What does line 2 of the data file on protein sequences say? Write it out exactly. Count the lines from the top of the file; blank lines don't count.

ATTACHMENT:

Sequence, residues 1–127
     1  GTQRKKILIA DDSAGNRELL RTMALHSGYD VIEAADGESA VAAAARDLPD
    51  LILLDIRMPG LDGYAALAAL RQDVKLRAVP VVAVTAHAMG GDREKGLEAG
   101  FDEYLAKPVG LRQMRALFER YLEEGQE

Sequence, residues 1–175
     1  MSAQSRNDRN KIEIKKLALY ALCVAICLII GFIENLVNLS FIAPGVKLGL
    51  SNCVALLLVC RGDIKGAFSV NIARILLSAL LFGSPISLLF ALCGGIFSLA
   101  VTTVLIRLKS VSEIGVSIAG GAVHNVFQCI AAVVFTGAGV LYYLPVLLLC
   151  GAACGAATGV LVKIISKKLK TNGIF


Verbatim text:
     1  GTQRKKILIA DDSAGNRELL RTMALHSGYD VIEAADGESA VAAAARDLPD